Southwest Hummingbird Migrations
Follow hummingbird migration southwest with a road trip to three hummer-packed Arizona canyons along a 125-mile route.
By Marissa Conrad, Pewaukee, Wisconsin
Visitors are sure to spot hummingbirds along the 125-mile route of three Arizona canyons. Photo by Allen Chartier; www.amazilia.net
If you love hummingbirds, southeastern Arizona is chirping your name.
Of the 22 hummer species recorded in the United States, at least 15 have been spotted in this warm-weather wonderland. The black-chinned hummingbird (right) is just one of the stunning visitors you're likely to see.
To help you plan a road trip that will be anything but ho-hum, Birds & Blooms is giving you the buzz on three hummer-packed Arizona canyons along a 125-mile route. Prime hummingbird time is between April and September...but with a trip this wow-worthy, it never hurts to plan ahead.
Ramsey Canyon Preserve
Park your car, walk about 15 feet through the visitors' center, and wham-you're in a garden filled with hummingbird feeders, nectar-filled tube flowers and up to 14 different species of hummers. Welcome to Ramsey Canyon, a 380-acre preserve of grasslands, forests and more.
In the pollinator garden, you might see hummers as rare as the berylline, white-eared, lucifer and plain-capped starthroat. More common visitors include the black-chinned, broad-billed, Anna's and more.
What's unique about Ramsey Canyon? The Nature Conservancy, a nonprofit organization working to restore and preserve the birds' natural environment, owns the land. To learn more, take a free guided walk along one of the preserve's hiking trails (walks are offered 3 days a week from May to October).
"Hummingbirds do nest along the trails," says Matt Killeen, the Conservancy's assistant manager for southeast Arizona preserves. "It's definitely possible to see them there, too."
To visit: Ramsey Canyon Preserve is located 90 miles southeast of Tucson. From I-10, exit on Highway 90 (Sierra Vista/Ft. Huachuca exit) and travel about 30 miles to Sierra Vista. Travel south on Highway 92 another 6 miles to Ramsey Canyon Road. Turn right and follow the road 4 miles to the end.
Ramsey Canyon is open every day except Thanksgiving, Christmas and New Year's Day. Hours are 9 a.m. to 4 p.m. November through February; 8 a.m. to 5 p.m. March through October. General admission is $5 for adults and free for children under 16. For more information, call 1-520/378-2785.
This area has quickly become known as a hummingbird hot spot within the past few years-thanks in part to Tom and Edith Beatty. This couple started a hummingbird feeding station and garden in 1998 to attract tiny feathered friends to their home and guest ranch among the Huachuca Mountains. It worked, too.
The spot is a regular stop for a variety of hummers, including blue-throated, broad-billed (right), broad-tailed and Anna's. In fact, the site holds the U.S. record for the most hummingbird species seen on a single day, when 14 different varieties graced the ranch in June 2002.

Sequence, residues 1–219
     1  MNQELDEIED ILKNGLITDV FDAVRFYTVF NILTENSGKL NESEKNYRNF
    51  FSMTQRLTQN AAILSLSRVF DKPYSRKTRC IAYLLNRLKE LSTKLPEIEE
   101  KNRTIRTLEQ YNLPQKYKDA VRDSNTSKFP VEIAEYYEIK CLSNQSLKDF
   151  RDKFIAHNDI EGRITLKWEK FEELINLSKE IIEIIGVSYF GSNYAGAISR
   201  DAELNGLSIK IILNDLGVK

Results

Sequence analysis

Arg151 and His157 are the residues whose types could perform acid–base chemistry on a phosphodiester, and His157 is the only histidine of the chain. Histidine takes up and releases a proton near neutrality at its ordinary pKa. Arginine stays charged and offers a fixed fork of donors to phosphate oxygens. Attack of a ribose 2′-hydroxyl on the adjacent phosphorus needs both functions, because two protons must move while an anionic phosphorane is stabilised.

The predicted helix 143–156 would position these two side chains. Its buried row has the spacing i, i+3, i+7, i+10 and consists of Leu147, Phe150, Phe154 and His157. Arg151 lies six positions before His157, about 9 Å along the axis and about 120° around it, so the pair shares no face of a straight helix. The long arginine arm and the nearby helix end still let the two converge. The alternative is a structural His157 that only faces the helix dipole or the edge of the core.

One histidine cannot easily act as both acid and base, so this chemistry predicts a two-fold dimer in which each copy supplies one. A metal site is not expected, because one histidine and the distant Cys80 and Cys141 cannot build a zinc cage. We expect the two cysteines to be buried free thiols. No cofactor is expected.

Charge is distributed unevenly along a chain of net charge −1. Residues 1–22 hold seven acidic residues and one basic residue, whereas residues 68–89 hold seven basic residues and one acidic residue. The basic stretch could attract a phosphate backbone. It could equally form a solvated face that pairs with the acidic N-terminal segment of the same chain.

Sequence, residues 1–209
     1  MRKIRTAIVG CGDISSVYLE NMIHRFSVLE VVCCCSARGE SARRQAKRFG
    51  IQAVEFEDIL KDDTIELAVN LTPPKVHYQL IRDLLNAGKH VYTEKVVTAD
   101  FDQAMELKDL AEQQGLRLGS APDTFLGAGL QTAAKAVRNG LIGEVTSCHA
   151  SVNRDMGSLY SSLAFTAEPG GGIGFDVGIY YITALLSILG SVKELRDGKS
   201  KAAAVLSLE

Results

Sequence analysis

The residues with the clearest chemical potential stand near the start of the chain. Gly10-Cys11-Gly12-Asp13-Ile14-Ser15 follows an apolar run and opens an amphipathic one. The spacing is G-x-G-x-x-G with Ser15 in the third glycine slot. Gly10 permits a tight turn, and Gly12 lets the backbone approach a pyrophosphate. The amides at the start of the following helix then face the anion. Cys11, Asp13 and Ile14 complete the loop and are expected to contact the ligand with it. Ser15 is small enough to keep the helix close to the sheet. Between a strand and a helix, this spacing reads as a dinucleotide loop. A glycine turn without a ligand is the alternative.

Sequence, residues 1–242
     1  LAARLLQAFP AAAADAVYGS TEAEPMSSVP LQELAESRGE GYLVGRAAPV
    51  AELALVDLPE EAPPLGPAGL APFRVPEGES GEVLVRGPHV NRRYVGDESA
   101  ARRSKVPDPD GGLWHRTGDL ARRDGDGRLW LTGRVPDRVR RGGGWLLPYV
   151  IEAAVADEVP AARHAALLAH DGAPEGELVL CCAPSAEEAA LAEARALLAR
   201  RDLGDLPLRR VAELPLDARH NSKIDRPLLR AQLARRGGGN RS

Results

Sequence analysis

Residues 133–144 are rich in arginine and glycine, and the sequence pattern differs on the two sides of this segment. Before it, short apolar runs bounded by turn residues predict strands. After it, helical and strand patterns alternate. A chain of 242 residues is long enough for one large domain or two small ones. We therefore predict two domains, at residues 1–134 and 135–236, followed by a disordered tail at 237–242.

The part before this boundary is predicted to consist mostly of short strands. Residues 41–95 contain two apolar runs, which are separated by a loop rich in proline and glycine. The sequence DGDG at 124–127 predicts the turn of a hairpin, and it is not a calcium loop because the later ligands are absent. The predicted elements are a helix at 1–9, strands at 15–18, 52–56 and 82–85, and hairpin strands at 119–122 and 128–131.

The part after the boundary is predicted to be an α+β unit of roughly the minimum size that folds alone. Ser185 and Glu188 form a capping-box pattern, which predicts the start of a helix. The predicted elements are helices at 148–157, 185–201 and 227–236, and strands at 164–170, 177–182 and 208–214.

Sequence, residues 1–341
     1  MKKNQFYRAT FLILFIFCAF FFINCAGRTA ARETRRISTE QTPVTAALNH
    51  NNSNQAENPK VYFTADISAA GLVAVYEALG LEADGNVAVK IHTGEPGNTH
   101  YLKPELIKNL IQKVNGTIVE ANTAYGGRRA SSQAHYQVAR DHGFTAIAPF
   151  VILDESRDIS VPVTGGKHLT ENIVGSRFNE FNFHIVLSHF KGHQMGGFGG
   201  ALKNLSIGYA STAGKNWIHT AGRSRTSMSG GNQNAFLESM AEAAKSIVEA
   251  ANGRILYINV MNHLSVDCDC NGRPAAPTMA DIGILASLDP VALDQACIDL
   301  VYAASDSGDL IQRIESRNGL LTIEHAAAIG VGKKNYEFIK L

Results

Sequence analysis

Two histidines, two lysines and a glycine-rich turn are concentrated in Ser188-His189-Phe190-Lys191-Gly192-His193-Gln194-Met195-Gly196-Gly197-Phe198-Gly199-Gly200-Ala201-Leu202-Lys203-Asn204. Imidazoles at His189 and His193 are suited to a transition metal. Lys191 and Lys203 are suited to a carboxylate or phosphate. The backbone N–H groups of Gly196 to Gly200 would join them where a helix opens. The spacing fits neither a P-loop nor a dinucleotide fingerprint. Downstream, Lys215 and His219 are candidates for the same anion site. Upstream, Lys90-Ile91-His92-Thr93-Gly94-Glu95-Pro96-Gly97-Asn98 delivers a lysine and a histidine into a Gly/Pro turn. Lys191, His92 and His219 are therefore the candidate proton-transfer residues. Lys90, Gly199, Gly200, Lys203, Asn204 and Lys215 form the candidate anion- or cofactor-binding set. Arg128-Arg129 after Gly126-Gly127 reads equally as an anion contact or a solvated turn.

Day visitors are welcome to visit the free public viewing area nearby. Or for $5 per person ($20 per tour group), the Beattys offer access to their private viewing areas, which are at a higher elevation and enveloped by trees.
"The private areas attract the rarer birds, like the white-eared," says Edith. "You can probably expect to see nine or 10 different varieties."
If you're looking for a challenge while at the canyon, try hiking the rugged trails to Miller Peak Wilderness, one of the top wildlife areas in southern Arizona. The U.S. Forest Service offers trail access to this area, where elevations range from 5,200 feet to more than 9,400 feet. But the steep trails are worth the effort with plenty of scenic views and hummingbirds to be found along the way.
To visit: From Ramsey Canyon, travel south on Highway 92 about 4 miles and turn right on Miller Canyon Road.
Miller Canyon has several government-owned hiking trails. There are no set hours and no fee to park. For more information, call the Sierra Vista Ranger District at 1-520/378-0311 and ask for the recreation staff. For more information about Beatty's Guest Ranch, call 1-520/378-2728.
Although it's a longer jaunt from Miller Canyon, a visit to Madera Canyon is worth the trip, especially when you can find stunning broad-tailed hummingbirds like the one at right.
This tree-covered hideaway offers a paved road up the canyon with multiple trails and picnic areas along the way. These provide plenty of opportunities for birders to look for hummingbirds, then grab a quick snack and discuss the birds they've found.
When Birds & Blooms Field Editor Jerrilyn Fillon of New Orleans, Louisiana visited Madera Canyon, she fell in love with the scenic, hummer-friendly setting.
"In spring and summer, hummingbirds gather at the many feeders displayed up and down the canyon road," she writes. "On the lawn of one lodge, we watched professional photographers as they captured magnificent hummingbirds on film.
"Another time, a magnificent hummingbird thought our red car was a giant feeder and spent several minutes trying to extract the non-existent nectar! Madera Canyon is truly a special place."
To visit: From Miller Canyon, take Highway 90 north to I-10 west, then merge onto I-19 south via exit 260 (Nogales). Take exit 63 (Continental Avenue) in Green Valley, Arizona. Turn east and follow the signs for Madera Canyon along Highway 62.
Madera Canyon has no set hours. Parking is $5. For more information, call the Sierra Vista Ranger District at 1-520/378-0311 and ask for the recreation staff.